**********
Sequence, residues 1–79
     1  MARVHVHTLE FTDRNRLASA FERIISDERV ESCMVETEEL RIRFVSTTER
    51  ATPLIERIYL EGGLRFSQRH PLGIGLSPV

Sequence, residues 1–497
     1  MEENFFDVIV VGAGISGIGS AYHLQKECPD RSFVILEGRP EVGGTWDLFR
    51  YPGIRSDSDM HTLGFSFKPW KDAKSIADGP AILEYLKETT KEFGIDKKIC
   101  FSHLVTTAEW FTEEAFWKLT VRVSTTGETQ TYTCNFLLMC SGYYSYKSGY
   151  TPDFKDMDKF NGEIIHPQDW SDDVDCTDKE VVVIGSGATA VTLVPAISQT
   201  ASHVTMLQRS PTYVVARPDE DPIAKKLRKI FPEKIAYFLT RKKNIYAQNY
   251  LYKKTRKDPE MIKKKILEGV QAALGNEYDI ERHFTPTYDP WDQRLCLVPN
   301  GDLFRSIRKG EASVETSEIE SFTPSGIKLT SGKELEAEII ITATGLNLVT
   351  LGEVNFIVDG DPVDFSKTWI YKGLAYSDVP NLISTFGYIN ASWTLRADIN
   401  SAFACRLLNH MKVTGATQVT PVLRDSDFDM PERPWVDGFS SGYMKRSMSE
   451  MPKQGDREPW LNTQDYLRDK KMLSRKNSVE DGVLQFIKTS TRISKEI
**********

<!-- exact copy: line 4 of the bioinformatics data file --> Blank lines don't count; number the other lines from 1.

Sequence, residues 1–497